Uzbekistan remains opposed to the interpretation of Islam perpetuated by fundamentalists. They remain committed to their legacy of Islamic faith as a cultural and local institution devoid of the trappings of the politicization that can be witnessed in different corners of the world....
Misunderstanding ISIL, Again
Mohammad-Mahmoud Ould Mohamedou
Mohammad-Mahmoud Ould Mohamedou
If perceiving ISIL as a religious actor is therefore partially warranted, it is necessary to explain why this is a moment of increased visibility of religion-driven and religion-dominated conflicts, and also to connect the evolution of the “caliphate” as a specific political project to larger post-colonial dynamics....
Dr. Halla Diyab
The graphic images of violence that have been unleashed upon the world by Middle Eastern insurgencies that promote religious and ideological extremism— namely by Houthi rebels in Yemen and ISIS in Syria, Yemen, Iraq and Libya – accompany the rising use of violent rhetoric in the regions directly affected....
What most Americans are blissfully unaware of is the fact that they carry in their pockets what have been described as near-perfect spy devices: their cell phones. ..."cell phone carriers reported that they responded to a startling 1.3 million demands for subscriber information last year from law enforcement agencies seeking text messages, caller locations and other information in the course of investigations."...
Lincoln’s strategy was to argue that the loyal slave states would help the war effort by showing the rebels “that, in no event, will the states you represent ever join their proposed Confederacy.” While Lincoln did not expect the Border States to secede and join the Confederacy, he argued that voluntary emancipation in those states would be a blow to Confederate hopes and morale....
These days, the issue of awarding the Bharat Ratna on Republic Day is in the news. When I appealed for the Bharat Ratna to Mirza Ghalib and Sarat Chandra Chattopadhyaya, some people objected, saying that such awards should not be given to people who are no more. In my opinion, there is nothing wrong in giving awards posthumously, provided they are given to the right persons. The Bharat Ratna has been conferred posthumously in the past. Two examples are Sardar Patel and Dr. Ambedkar. Mirza Ghalib is a modern figure, not a legendary one like Lord Rama, or an ancient one like Gautam Buddha. Sarat Chandra in his stories launched a full-blooded attack on the caste system, against women's oppression, and superstitions (see Shrikant, Shesh Prashna, Charitraheen, Devdas, Brahman ki beti, Gramin Samaj, etc.), evils that plague India even today. -- Markandey Katju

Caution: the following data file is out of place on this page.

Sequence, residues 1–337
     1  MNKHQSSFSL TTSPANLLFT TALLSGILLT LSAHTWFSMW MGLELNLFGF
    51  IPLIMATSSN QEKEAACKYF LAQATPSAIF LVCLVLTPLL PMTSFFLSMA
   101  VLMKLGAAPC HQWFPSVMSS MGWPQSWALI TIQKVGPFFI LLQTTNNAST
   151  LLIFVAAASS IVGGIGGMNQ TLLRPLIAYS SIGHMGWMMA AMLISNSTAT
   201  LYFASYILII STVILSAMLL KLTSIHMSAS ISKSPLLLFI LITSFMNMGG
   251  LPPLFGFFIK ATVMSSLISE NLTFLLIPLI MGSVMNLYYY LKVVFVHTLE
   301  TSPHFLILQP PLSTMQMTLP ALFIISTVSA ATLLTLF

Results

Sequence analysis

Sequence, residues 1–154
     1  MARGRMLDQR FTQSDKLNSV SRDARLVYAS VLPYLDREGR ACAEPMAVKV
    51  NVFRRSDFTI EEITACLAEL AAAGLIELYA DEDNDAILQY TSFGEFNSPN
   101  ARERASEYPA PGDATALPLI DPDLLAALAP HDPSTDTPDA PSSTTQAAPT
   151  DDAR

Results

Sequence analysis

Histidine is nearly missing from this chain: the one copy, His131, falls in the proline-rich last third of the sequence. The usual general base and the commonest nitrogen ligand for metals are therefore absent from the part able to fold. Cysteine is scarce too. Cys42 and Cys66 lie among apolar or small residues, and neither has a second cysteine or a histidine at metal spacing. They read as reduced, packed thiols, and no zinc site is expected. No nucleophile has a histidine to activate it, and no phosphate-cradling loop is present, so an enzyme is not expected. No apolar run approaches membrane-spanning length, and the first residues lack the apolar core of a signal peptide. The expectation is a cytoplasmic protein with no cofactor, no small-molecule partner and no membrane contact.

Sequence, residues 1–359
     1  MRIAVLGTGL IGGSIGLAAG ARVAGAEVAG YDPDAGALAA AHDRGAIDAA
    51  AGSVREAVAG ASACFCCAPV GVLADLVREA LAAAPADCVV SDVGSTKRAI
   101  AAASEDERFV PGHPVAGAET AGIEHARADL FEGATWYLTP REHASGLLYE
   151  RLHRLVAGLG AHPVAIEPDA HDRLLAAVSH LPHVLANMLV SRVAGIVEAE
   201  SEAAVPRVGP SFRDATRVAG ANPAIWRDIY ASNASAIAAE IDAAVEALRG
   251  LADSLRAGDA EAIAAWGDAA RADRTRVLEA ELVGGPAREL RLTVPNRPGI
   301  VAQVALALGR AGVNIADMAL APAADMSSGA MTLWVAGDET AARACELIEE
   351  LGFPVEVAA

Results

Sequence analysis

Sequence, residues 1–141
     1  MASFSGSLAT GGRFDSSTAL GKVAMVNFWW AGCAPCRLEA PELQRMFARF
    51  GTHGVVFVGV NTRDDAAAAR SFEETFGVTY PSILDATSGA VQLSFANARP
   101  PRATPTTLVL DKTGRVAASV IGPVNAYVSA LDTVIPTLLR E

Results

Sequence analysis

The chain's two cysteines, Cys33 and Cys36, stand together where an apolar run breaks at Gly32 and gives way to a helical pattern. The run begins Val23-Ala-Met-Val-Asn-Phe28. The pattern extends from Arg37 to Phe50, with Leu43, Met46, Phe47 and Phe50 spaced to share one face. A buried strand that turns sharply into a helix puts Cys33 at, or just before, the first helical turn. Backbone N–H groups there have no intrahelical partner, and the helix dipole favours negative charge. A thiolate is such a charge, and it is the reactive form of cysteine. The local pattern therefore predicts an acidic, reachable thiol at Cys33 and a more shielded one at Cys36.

… as soon as it was announced that a census was to be conducted, there was a wave of comment, particularly in Sindh. The Sindhi media, nationalist forces and other stakeholders started questioning the transparency and eligibility of the process. Such mobilisation is based on the fear that Sindhi people may be converted into a minority on their own soil through tampering with the head count and manipulating data. … there are some allegedly ‘no-go’ areas: certain parts of Karachi and portions of interior Sindh that were gifted as fiefdoms to tribal chiefs and feudal lords by the Musharraf government, and later on legitimised by President Zardari under the ‘reconciliation’ formula. -- Zulfiqar Halepoto
A close look at the results reveals that 19 Muslim candidates, including one from the BJP (Saba Zafar - Amour), got elected this time, four more than in 2005. More refreshing was the fact that 37 Muslims ended up in second position. Nine of them were defeated by less than 5,000 votes and three by less than 300. We have to acknowledge the “Nitish magic” when we see that of the 37 Muslim runners-up, 15 were defeated by BJP, 14 by JD(U), 4 by Independents, and only two each by Congress and RJD ticket-holders. Only four of the Muslim runners-up were defeated by Muslim candidates. This is another pointer to the “suspended untouchability” of the BJP in Bihar. -- Shahroz Tarique Raza
Despite the public willingness to open a ‘new chapter’ in ties, are the talks at the SAARC Summit once again mere lip service? Will they, like previous efforts, fail in resuming a proper dialogue? More importantly, is the crackdown on Lashkar-e-Taiba and Jamaatud Dawa the only obstacle in Pak-India ties? -- DAWN.COM